Have I convinced you yet?

Good. Read on.

Creating an Author Website

So you know you need an author website. Your next-door neighbour has a thirteen-year-old son who’s a total geek and can do it for you for free. Fantastic.
Well… no.

I’ve worked with lots of people who needed a website over the years, and many of them have started out with a freebie that a friend, colleague or relative put together for them. In every case, it hasn’t gone well.

There are plenty of website providers out there that will let you set up your own website for free or at a low cost. And it means you have control over your site. You don’t have to wait for someone else to fix it if it crashes. You don’t have to tear your hair out because they didn’t update your site when your new book came out. You can do it all yourself, and without writing any code.

Here are some of the options available to you for creating an author website:

  • Use a website builder like Wix or Squarespace. These are easy to use and intuitive. The free plans are quite limited, though – you’ll struggle to get them to link to your mailing list provider, for example. But if you have zero experience, these can be a good place to start.
  • Use a blogging platform like Blogger. These are free and easy to get started with, but they look very old-fashioned in most cases and won’t reflect so well on you as a professional author.
  • Use WordPress.com’s free website platform. This is the best place to start if you have no budget and no experience. There’s loads of support available, you’re joining a vast community of fellow bloggers (many of whom might follow your site) and you can choose from a variety of themes to make your site look the way you want it to.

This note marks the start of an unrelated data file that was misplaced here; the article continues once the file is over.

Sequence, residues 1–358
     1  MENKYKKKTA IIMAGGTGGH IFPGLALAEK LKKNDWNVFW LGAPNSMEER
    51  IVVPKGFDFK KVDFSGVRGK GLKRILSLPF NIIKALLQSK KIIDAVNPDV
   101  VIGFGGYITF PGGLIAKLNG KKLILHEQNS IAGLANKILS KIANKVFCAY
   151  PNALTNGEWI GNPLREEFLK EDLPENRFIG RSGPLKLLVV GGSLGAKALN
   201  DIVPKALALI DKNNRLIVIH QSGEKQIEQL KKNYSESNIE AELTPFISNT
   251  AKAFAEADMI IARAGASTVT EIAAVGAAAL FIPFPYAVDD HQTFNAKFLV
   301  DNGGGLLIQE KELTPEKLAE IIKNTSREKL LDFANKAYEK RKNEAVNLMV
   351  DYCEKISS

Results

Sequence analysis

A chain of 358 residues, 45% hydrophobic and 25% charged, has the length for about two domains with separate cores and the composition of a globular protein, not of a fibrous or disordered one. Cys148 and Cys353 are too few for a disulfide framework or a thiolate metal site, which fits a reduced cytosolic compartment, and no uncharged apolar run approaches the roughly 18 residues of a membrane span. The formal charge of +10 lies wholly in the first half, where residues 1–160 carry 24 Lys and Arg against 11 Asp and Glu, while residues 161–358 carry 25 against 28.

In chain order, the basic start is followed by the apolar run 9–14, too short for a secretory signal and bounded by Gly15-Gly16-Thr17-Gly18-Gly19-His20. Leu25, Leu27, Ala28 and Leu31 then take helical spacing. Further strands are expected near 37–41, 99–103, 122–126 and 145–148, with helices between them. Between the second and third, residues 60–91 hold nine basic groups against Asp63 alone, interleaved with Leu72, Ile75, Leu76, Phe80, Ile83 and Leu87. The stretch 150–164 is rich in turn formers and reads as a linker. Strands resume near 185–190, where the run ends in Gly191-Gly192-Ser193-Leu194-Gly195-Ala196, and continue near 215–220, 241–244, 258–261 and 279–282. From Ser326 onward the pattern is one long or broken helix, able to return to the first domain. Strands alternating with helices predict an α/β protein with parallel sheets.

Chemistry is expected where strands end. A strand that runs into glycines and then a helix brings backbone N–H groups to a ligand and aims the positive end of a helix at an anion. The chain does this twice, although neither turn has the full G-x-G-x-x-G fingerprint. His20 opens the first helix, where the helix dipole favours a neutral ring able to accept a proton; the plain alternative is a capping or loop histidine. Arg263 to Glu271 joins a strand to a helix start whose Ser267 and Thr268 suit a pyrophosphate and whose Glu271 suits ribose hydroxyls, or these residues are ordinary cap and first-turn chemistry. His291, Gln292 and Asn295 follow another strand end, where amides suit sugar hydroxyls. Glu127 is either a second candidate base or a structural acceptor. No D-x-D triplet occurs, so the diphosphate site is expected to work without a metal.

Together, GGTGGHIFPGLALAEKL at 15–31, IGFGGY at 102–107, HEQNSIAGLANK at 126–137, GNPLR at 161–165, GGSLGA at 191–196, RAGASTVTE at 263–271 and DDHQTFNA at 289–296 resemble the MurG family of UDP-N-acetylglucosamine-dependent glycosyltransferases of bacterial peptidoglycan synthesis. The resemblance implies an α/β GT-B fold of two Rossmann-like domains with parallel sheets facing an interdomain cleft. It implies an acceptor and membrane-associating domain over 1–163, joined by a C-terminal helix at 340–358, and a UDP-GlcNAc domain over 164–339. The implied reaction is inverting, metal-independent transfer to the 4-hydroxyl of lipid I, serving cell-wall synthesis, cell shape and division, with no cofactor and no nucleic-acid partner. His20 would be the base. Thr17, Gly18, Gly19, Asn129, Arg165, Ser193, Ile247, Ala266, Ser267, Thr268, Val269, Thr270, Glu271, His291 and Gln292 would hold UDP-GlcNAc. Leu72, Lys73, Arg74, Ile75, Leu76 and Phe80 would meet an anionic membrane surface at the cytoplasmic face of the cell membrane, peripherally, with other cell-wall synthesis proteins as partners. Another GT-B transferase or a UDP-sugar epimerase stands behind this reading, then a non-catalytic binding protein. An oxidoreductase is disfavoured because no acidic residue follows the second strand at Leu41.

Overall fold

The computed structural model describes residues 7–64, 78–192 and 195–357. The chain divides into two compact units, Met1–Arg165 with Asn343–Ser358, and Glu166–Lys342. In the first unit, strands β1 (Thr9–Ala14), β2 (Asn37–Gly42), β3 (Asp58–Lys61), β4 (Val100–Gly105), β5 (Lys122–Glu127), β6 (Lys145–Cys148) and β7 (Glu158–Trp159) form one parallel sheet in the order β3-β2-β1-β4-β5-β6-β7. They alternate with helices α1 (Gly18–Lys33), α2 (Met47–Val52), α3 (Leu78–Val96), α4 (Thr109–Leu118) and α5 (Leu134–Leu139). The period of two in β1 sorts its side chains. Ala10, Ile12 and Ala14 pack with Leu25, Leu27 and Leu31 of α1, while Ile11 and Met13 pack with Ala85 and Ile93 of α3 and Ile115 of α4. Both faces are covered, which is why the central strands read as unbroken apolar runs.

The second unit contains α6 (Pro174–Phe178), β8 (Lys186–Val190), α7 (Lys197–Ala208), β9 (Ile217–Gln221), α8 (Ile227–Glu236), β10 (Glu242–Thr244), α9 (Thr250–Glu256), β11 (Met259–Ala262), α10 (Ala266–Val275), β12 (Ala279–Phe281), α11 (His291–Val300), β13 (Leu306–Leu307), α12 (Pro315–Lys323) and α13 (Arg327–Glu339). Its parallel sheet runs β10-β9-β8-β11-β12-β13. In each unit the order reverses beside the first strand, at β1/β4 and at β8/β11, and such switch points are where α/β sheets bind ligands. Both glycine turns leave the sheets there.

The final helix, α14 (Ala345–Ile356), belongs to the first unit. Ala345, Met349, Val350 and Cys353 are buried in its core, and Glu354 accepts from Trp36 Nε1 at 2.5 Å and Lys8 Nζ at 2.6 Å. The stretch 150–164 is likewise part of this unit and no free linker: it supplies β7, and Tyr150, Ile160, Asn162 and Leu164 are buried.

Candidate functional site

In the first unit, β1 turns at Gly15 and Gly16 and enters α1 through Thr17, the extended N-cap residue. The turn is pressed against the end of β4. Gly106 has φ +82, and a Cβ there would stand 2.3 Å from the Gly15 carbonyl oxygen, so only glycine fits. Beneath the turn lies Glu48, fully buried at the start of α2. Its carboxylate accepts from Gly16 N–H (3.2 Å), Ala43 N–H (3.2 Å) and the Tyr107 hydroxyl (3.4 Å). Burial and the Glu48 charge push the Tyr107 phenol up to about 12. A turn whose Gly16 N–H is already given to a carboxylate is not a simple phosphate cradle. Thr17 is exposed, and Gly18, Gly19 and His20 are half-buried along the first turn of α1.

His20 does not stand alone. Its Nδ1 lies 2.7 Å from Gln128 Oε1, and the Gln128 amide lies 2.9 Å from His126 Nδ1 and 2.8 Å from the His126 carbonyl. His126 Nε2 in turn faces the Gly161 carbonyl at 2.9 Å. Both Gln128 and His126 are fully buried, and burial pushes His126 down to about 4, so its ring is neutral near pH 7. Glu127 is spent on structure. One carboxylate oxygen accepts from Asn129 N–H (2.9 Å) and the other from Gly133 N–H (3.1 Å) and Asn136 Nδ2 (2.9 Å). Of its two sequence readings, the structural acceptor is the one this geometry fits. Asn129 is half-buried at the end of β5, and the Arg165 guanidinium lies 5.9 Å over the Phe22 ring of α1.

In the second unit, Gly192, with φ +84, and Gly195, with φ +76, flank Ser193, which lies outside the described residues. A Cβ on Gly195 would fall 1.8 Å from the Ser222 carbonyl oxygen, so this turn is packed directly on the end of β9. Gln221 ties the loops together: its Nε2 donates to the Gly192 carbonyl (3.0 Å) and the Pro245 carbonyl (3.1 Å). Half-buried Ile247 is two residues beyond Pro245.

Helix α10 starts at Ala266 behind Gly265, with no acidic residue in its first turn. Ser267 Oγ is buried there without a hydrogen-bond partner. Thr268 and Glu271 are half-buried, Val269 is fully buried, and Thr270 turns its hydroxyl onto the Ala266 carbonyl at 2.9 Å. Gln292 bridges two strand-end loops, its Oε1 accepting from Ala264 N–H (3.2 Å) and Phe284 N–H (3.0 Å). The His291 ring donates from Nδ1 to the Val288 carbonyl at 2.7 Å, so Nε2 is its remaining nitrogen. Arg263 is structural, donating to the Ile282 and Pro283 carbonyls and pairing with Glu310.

Get yourself a hosting package and a self-hosted WordPress.org site. This uses the same software as WordPress.com but gives you lots more flexibility. And even better – the site is 100% yours. You aren’t reliant on anyone else’s service and you own the content and the code.

Which one you use is up to you. If you want a more comprehensive guide to the pros and cons of each, my FREE Author Website Blueprint will steer you through the maze.

And if you’ve decided you want a WordPress site, my book WordPress For Writers will give you a step by step guide to creating and managing your site, either on WordPress.com or WordPress.org.

For more resources on author websites, including tips on setting them up and getting the most from them and round-ups of the best themes and plugins, you can follow my site RachelMcWrites. It’s all free and there’s no obligation to buy any of my books.

Although if you decide you want to, you’ll make me very happy… after all, that’s why I have an author website!


Rachel McCollin has been helping people create websites with WordPress since 2010. She’s written hundreds of articles and tutorials on web design and development and is the author of five books including WordPress For Writers, which helps authors create a professional website without writing code or spending a fortune.

You can find out more about her books and get tips on author websites at her website, RachelMcWrites.